Perhaps as problematic as her resignation, for Hagedorn’s Hill allies, is her past treatment of her husband’s illness. A recording made public in August of last year captured Carnahan as saying, “Jim is going to die of cancer in two years” and later saying in the same recording that “none of this matters because Jim will be dead in two years.” Carnahan told a local radio host following those comments that they were made “in grief,” after she had been drinking at an event after a long day, and said she “obviously” apologized to Hagedorn about the “absolutely regrettable” choice of words.
POLITICO also has reviewed social media posts from August in which Carnahan appears to be criticizing her husband. Comments on a Facebook post of Hagedorn celebrating his birthday, which appear under her name, first state: “Glad you posted spending your birthday with your wife, who drove 3 hours out of her way to show you love and kindness guess it’s clear how much that meant to you.”
Thirty minutes after that post, another comment under Carnahan’s name appears, stating: “I bought you dinner and wine at Chankaska. There is not a single post about it, but the post about your birthday is of your employees? It’s degrading, condescending and upsetting to me on many levels.”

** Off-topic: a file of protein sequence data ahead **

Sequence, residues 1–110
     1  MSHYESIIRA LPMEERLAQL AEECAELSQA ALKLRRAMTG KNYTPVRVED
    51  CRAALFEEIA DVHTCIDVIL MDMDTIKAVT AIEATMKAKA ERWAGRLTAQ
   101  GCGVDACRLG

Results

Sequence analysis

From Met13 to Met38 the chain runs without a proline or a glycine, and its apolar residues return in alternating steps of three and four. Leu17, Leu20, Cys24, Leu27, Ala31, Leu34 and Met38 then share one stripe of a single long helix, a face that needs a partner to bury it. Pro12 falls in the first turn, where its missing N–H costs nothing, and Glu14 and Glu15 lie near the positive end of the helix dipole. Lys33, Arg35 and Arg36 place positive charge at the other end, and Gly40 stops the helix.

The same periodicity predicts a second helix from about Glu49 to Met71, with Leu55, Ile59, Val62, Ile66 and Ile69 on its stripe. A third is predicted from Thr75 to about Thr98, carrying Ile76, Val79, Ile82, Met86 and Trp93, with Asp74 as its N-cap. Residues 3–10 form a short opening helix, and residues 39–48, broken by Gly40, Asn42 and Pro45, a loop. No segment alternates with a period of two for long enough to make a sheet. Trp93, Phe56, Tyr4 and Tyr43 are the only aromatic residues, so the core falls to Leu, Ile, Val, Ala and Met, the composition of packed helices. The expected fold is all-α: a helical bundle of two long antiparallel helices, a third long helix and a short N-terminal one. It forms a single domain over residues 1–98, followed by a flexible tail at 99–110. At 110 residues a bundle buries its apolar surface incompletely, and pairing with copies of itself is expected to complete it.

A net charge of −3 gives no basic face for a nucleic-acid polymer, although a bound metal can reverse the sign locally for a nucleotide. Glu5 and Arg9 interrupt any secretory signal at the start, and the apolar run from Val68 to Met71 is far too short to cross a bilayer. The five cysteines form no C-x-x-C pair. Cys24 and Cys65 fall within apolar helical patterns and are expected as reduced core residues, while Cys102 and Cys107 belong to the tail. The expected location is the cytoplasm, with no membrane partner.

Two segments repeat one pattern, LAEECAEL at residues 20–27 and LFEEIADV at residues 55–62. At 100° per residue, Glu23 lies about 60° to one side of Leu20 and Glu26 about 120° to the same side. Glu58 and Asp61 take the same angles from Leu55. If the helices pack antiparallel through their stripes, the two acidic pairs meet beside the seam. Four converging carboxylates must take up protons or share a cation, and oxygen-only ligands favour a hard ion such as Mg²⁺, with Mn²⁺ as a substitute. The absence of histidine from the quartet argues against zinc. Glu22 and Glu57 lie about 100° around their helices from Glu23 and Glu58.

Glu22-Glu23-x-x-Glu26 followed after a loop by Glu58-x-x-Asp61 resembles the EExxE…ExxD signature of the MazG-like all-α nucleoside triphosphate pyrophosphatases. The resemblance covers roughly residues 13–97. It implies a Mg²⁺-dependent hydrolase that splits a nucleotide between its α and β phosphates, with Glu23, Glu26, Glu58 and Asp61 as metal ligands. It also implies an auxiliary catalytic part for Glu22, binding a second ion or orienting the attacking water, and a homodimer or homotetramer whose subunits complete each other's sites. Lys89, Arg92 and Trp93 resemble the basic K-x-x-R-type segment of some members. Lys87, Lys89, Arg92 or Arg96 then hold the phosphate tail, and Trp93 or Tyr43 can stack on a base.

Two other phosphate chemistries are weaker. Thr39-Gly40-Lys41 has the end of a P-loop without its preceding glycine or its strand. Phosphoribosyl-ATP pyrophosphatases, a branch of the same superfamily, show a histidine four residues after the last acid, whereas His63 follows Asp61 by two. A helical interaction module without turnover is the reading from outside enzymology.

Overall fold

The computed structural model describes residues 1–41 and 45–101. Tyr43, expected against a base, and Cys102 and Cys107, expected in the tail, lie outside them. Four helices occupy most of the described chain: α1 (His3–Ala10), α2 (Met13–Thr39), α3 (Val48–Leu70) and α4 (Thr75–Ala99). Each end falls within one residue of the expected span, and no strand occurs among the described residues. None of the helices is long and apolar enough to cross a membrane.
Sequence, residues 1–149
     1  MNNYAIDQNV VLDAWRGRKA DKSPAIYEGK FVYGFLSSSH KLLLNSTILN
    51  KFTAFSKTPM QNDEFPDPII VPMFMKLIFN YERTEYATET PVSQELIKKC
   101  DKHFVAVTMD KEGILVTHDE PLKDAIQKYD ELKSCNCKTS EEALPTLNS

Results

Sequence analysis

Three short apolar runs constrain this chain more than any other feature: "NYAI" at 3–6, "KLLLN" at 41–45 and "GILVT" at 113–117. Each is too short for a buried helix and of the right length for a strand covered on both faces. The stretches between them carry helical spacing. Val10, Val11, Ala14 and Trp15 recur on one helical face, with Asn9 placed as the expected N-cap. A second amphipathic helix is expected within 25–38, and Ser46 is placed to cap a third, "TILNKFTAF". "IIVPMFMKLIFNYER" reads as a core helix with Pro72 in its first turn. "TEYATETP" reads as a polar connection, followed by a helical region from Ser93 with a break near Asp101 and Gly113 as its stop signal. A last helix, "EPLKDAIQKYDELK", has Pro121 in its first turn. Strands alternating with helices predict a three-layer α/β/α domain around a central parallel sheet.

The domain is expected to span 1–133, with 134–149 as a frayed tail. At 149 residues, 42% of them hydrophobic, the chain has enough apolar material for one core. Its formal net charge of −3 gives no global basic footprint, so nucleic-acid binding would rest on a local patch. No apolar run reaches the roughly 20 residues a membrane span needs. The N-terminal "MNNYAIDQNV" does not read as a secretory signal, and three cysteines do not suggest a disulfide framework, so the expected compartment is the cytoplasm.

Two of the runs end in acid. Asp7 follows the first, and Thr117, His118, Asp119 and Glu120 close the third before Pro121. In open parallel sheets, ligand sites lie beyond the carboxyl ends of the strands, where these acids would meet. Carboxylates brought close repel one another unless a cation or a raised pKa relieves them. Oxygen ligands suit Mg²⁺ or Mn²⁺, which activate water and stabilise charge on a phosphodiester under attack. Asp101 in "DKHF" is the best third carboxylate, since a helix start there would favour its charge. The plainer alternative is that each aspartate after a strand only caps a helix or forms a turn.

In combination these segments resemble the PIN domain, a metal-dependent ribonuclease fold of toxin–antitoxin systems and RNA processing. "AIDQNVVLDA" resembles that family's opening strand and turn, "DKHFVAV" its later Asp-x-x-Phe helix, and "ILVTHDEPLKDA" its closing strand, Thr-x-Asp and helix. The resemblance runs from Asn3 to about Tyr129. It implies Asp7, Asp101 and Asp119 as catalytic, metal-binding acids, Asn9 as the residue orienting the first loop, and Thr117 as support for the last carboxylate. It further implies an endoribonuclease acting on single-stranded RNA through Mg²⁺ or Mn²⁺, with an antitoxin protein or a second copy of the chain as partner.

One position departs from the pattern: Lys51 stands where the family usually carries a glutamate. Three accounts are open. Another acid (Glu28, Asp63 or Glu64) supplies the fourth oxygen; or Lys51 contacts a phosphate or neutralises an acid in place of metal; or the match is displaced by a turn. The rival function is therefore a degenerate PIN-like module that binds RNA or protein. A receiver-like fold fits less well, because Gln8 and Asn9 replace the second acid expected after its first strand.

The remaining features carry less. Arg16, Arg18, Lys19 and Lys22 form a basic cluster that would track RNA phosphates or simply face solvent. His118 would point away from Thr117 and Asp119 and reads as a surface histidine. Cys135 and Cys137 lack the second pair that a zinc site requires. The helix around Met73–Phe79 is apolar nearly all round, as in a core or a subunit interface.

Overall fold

One House Republican involved in the National Republican Congressional Committee, addressing Carnahan’s problems on condition of anonymity, said, “I guarantee Jim’s friends are going to end up endorsing someone else.” This GOP lawmaker added that colleagues are waiting to see if Carnahan tries to run on Hagedorn’s name or campaigns with her own on the ballot. “Just Carnahan? Is it Jennifer Carnahan-Hagedorn? Or is it just completely Jennifer Hagedorn?”
Whether or not she gets in the race, Carnahan would face a fight to claim Hagedorn’s seat. Already, six other Republicans have filed to run, and while former President Donald Trump won the district by more than 10 points in 2020, it is a battleground that a Democrat — specifically now-Gov. Tim Walz — held as recently as 2018.
The seat was closely contested in the last two elections. Already some strong Democratic candidates are throwing their names in the mix, like Jeffrey Ettinger, who served as the CEO of Hormel Foods Corp for more than a decade. (Dan Feehan, Democrats’ nominee in 2018 and 2020, has said he doesn’t plan to run again.) With redistricting, the seat is not expected to change in a meaningful way.
Ally Mutnick contributed to this report.